Many Americans working at call centers were down on their luck last month.
Telecommunications firms experienced the most planned job cuts in March of any industry in the United States, according to a study by Challenger, Gray & Christmas, Inc. And all by its lonesome, phone provider T-Mobile's 1,900 call center layoffs accounted for almost half of the 4,089 telecommunications jobs that disappeared last month. Verizon, Wells Fargo and QVC also saved money on call centers by shedding another 1,435 from their payrolls, according to the Challenger press release.
Since the beginning of the year, most planned job cuts have taken place in the consumer products sector, with 18,438 in total, or four times the amount that happened in that industry by March of last year, the study reported.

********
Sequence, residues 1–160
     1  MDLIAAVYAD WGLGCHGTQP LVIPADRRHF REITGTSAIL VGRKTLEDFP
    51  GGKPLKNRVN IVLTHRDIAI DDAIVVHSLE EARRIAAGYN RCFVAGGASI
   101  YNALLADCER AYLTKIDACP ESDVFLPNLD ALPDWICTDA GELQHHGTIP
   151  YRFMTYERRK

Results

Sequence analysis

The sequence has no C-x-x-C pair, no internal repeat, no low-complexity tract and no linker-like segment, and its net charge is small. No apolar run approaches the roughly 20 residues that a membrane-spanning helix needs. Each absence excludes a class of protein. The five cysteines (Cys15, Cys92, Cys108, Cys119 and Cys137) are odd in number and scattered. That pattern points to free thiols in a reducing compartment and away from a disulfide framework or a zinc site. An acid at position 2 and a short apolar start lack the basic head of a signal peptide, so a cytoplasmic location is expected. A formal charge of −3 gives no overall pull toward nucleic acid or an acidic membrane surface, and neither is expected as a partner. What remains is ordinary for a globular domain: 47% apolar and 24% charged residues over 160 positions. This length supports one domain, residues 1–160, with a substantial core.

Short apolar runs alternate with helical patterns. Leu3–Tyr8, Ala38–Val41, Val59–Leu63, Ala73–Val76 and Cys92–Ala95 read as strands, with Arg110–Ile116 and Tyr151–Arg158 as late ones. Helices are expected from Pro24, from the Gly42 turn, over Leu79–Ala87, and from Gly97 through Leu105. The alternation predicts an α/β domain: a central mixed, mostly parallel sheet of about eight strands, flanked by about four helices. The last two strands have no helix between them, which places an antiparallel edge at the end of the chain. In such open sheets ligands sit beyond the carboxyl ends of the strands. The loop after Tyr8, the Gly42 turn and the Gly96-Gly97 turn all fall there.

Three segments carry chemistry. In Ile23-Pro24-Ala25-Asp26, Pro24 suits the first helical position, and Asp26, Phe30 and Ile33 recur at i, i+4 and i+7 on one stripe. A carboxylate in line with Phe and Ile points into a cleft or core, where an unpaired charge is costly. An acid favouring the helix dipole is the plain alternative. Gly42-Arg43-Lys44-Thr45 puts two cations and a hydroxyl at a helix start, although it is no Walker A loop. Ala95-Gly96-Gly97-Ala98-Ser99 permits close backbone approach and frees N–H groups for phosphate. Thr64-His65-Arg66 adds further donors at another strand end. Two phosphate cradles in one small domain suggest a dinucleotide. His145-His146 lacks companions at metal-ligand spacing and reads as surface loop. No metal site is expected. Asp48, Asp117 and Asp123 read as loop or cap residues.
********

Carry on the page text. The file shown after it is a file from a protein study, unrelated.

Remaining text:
Despite the signs of a recovering job market, U.S.-based companies plan to lay off more employees now than they did this time last year, the study found. That's bad, but there is good news, too: Last month, workers reportedly dealt with the lowest number of planned layoffs since May 2011.
This month's fate has not been fully determined, but internet service-provider Yahoo recently made headlines by announcing plans to cut 14 percent of its workforce, a move that will save the company $375 million a year. Layoffs aren't confined to the U.S. either. The Japan-based electronics company Sony recently announced plans to shed roughly 10,000 jobs.
But back to last month, here are March's top ten job-cutting industries with the number of layoffs included:
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